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Fish from the Gulf is still plentiful but the fisherman arent
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Atlanta Highway Seafood Market owner Phuong Le places a pile of fried popcorn shrimp on a cooling rack Tuesday. Le purchased the shrimp from the Gulf. - photo by SARA GUEVARA
Alice’s Oyster Casserole

2 tablespoons butter
1 pint oysters, drained
1 cup half-and-half
1 sleeve saltine crackers
1/2 cup shredded cheddar cheese


Preheat oven to 400 F. Simmer oysters in butter until the oysters curl. Add the half and half milk, remove from heat. Crumble the sleeve of saltine crackers and add to the butter and oyster mixture. Set aside. Spray an 8-inch-by-8-inch-by-2-inch casserole dish with a nonstick cooking spray. Spread oyster mixture into pan and sprinkle the top with shredded cheddar cheese. Bake in 400 F oven for 12 to 15 minutes.

Leavins Seafood

Phong Le, owner of Atlanta Highway Seafood Market, said he is still getting shrimp, oysters and other seafood from the warm Gulf waters, but the fresh seafood is harder to come by these days.

And it’s not because all the fishing areas are closed to commercial vessels after the BP oil spill — 65 percent of the Gulf waters are still open to fishing, according to NOAA. Instead, it’s because many Gulf fishermen are now working for BP.

Seafood suppliers say they notice the decrease in product, too.

“We’re having the same struggle; a lot of them are working for BP so our productivity is down,” said Ellis Sizemore of Leavins Seafood in Apalachicola, Fla., which specializes in oysters. “One day you might have three or four boats out, and the next day you might not have any. I think every business around here that employs people is having problems with it.”

The “Vessels of Opportunity” program run by BP employs commercial and charter fishing boats along the Gulf in efforts to clean up the oil spill. Boats are used for towing and installing “booms,” helping with oil skimming and burn-offs, finding tar balls and transporting supplies and personnel, according to BP’s website.

And while the program does get fishermen to work, there are fewer fishermen catching shrimp, fish or oysters.

“In certain locations they (fishermen) can actually make more money per day working for BP than they can going fishing,” said Glen Brooks, the president of The Gulf Fishermen Association based in Clearwater, Fla.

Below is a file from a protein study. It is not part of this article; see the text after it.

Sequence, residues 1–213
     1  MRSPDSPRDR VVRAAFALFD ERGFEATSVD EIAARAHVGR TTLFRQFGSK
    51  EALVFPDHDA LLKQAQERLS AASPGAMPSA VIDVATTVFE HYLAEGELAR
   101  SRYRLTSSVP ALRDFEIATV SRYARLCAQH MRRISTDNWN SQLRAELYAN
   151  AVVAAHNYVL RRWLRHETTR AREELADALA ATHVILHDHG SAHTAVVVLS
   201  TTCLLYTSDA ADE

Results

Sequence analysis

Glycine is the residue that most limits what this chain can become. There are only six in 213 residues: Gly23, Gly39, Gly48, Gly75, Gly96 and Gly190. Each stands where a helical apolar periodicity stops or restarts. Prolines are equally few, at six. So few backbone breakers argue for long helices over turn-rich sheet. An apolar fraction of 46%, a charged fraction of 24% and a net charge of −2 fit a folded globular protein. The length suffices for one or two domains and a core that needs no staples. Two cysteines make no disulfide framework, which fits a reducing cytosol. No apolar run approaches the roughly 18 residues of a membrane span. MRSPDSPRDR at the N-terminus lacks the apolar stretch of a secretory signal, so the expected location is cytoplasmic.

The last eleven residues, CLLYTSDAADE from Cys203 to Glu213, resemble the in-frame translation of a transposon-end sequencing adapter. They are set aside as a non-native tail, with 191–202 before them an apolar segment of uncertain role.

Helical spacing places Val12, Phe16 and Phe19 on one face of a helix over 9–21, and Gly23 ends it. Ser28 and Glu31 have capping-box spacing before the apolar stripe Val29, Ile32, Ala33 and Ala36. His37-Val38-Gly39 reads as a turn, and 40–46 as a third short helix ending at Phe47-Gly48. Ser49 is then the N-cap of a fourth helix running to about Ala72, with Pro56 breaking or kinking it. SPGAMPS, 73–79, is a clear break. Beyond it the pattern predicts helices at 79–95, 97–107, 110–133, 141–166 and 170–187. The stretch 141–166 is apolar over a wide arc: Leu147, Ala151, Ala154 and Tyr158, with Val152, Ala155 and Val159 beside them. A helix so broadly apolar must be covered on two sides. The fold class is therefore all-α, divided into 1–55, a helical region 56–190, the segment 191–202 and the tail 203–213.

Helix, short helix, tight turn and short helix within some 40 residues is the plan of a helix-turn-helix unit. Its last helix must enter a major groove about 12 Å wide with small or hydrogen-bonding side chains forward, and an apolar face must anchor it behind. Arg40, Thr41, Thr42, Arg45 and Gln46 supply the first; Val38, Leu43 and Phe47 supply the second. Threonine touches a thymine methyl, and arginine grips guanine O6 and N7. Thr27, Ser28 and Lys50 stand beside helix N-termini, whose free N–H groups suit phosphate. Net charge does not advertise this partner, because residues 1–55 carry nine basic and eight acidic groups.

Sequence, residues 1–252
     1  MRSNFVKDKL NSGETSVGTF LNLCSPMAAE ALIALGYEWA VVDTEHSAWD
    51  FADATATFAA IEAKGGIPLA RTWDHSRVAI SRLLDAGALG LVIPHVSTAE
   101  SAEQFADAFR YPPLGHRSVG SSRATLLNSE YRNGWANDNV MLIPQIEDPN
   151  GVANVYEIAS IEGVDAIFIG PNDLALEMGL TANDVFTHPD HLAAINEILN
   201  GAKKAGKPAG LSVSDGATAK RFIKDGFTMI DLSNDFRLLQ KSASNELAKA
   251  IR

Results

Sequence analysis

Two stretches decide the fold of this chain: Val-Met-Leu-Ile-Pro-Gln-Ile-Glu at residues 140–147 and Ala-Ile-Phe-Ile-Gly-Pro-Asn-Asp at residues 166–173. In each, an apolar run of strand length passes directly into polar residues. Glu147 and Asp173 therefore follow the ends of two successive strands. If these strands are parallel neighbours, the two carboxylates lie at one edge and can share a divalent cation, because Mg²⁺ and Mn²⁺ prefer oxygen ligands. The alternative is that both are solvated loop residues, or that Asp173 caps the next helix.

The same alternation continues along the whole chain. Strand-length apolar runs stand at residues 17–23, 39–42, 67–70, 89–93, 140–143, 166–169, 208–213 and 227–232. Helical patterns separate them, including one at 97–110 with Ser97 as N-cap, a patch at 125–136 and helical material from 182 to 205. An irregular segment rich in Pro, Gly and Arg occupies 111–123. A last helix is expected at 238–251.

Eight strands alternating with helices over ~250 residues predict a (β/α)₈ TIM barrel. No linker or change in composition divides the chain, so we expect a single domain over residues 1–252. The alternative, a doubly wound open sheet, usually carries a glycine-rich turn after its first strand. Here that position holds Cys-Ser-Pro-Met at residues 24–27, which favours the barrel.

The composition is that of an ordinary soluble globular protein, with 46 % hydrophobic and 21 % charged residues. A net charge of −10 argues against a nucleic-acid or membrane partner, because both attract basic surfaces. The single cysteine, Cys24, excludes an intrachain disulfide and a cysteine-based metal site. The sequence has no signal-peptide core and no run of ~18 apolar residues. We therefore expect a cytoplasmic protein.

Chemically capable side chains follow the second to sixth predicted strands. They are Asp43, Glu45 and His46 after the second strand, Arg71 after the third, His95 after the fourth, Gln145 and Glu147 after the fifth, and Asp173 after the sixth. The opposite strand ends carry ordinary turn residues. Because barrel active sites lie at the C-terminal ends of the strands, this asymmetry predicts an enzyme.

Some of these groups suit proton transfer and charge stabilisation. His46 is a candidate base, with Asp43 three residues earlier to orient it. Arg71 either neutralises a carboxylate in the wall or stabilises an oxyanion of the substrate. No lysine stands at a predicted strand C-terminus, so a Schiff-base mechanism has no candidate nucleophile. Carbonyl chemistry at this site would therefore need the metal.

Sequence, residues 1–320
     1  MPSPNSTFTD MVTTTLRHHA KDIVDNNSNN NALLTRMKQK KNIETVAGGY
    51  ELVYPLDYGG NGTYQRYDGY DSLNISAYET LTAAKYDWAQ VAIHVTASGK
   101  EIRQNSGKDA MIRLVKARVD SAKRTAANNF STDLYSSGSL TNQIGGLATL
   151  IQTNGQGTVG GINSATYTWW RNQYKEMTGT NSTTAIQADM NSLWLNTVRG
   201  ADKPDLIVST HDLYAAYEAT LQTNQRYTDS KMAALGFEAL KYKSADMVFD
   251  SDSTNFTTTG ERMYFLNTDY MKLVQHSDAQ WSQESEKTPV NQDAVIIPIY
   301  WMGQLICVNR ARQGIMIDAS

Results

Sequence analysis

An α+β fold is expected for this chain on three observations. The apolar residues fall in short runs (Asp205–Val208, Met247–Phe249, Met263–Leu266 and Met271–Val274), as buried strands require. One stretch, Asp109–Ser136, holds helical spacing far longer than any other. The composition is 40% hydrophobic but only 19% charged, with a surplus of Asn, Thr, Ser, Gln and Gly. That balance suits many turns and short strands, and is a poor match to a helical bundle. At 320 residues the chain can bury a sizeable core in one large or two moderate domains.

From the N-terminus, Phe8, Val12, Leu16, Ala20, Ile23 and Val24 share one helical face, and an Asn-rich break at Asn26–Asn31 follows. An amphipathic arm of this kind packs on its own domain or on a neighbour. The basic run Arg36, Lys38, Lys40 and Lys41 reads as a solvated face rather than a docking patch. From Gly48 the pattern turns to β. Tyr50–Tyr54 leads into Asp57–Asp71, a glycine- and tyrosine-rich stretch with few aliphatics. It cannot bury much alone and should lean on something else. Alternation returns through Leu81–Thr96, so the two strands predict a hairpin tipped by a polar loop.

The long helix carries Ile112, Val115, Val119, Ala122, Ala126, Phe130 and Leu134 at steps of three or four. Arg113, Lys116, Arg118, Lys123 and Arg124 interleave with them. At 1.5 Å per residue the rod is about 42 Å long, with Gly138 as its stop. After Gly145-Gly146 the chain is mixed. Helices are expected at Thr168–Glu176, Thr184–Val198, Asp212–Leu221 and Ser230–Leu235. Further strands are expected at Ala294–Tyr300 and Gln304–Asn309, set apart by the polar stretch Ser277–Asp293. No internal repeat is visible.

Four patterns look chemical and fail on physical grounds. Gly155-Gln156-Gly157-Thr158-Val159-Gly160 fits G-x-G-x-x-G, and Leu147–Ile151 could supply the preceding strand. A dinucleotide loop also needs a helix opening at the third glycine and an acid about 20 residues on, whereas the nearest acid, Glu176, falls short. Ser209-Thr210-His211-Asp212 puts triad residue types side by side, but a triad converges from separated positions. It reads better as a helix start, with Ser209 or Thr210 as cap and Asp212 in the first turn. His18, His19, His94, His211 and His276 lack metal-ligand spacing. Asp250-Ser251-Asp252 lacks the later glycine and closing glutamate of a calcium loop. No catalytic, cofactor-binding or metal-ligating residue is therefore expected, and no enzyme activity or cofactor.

“They are making good money doing it (helping with the clean up), how long will it last? Nobody knows,” Sizemore added.  

To date, more than 3,000 vessels have been hired across four states — Louisiana, Alabama, Mississippi and Florida — according to BP.

More than 500 miles up the road from the Gulf, at Atlanta Highway Seafood Market, Le said he’s feeling the effects.

Even though his market is stocked with Gulf seafood, he said oyster prices have gone up 15 to 20 percent, and shrimp has gone up 80 to 90 percent.

Le said, though, the seafood is completely safe, and locals should still have faith in Gulf seafood.

“I want people to know to eat the seafood — they go through so many steps before they get to us, everybody is inspected,” he said. “People don’t want to take any chances right now, and these fish houses don’t want to take the chance of buying bad fish.”

Added Brooks, who has a fleet of boats that fish for snapper and grouper, “The fisheries are doing a lot of testing, not just on fish but actually offshore in the waters.”

They are testing water in the closed areas, and they are testing waters outside of the closed areas,” he said. “That’s going on pretty much on a daily basis; it’s widespread throughout the Gulf.”

The compensation the fishermen are making is lucrative, but the Vessels of Opportunity program doesn’t provide the same opportunity for seafood companies based in the Gulf.

“We have transitioned into basically, about 90 percent, into imported products,” said Rudy Lesso III, of R.A. Lesso Seafood Company in Biloxi, Miss. “They (fishermen now working for BP) can make $3,000 or $4,000 a day, which is far more than you can make shrimping and a lot less work, too.

“It’s a Catch-22, because if you don’t have the availability to harvest a product, that hurts me,” Lesso added. “For the last 10 years we’ve been promoting wild caught American shrimp to battle the imports.”

Lesso’s shrimp is now coming from Ecuador, Peru and Honduras, he said.

Most of Lesso’s business came from distributing shrimp to Mississippi casinos and other locations throughout the United States. The business used to average 8 million to 10 million pounds of seafood a year.

A natural disaster, he said, would be better than battling an oil spill.

“I’d rather deal with a hurricane because I know that would go away.”

Luckily for Sizemore, the oil so far has stayed to the West of Florida, for the most part.

“If they don’t get it stopped, there is no telling what will happen,” he said. “We went from seven to eight tractor trailer loads a week to this week, we are down to two. We may have to go to one if it keeps on. It’s very bad.”

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